Patients should undergo yearly quantitative LVEF evaluations after stopping mitoxantrone to monitor for late-occurring cardiotoxicity, using the same methodology that was used for assessments that were done during treatment.

For Patients With cancer

The possible danger of cardiac effects in patients previously treated with daunorubicin or doxorubicin should be considered when weighing the benefits and risks of mitoxantrone.
The presence or history of cardiovascular disease, previous or concomitant radiotherapy to the mediastinal/pericardial area, previous therapy with other anthracyclines or anthracenediones, or the concomitant use of other cardiotoxic drugs might increase the risk of cardiac toxicity. LVEF should be monitored regularly after the initiation of therapy in patients with these risk factors.

Marijuana impairs thinking in MS patients

By Michelle Rizzo Thursday, Jul. 31, 2008; 6:26 PM
NEW YORK (Reuters Health)

Patients with multiple sclerosis who smoke marijuana show impaired thinking compared with patients who do not smoke marijuana, according to findings in the journal Neurology.

Frank's editorial comment: Hmmm, how much did that study cost?

Adult Stem Cells Reprogrammed To Become Myelin-Making Cells

From Medical News Today

Research published in Nature Neuroscience , electronic publication ahead of print) has shown that adult stem cells in mice that are developing into nerve cells can be redirected to turn into myelin -making cells by changing a single gene . This type of research may some day help repair the damage to myelin which occurs in multiple sclerosis (MS).

In people with MS the immune system can attack both myelin and myelin making cells (oligodendrocytes). Limiting the number of myelin making cells impairs the capacity to repair the damage to myelin. One potential treatment option currently being investigated involves encouraging immature stem cells that reside in the adult brain, called neural stem cells, to move to areas of damage and repair myelin.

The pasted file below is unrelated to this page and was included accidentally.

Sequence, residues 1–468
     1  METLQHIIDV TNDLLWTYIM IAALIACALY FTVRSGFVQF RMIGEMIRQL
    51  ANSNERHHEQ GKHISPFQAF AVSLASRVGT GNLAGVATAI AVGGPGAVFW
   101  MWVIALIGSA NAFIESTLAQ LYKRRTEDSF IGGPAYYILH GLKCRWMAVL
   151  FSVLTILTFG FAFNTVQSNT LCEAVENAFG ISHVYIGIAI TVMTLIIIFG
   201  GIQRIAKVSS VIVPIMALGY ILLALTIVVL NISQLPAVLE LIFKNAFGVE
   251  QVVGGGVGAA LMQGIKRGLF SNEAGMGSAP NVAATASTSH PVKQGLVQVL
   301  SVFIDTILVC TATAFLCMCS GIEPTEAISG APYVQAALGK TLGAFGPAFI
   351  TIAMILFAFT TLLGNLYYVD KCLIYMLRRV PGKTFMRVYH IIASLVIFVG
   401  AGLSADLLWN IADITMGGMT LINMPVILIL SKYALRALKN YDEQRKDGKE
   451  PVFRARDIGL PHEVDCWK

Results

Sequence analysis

When neural stem cells are grown in the laboratory scientists have been able to reprogramme them to develop into several different types of brain cells, including oligodendrocytes. This latest research which took place in The Salk Institute for Biological Studies in California sought to determine if it would be possible to repeat these experiments in the brain.

A gene called Asc1 which is associated with oligodendrocyte development was introduced into the stem cells in the brain and caused neural stem cells to develop into oligodendrocytes.

This study confirms that adult stem cells in the brain retain their ability to be converted to certain other types of brain cells. Further research is needed to determine the significance of these finding to myelin repair in people with MS.

Dr Laura Bell at the MS Society said: 'Finding a way to cause stem cells which are already present in the brain to repair damaged myelin is an attractive potential treatment option for people with MS. This is early research but it is an important step and we look forward to seeing how the work progresses.'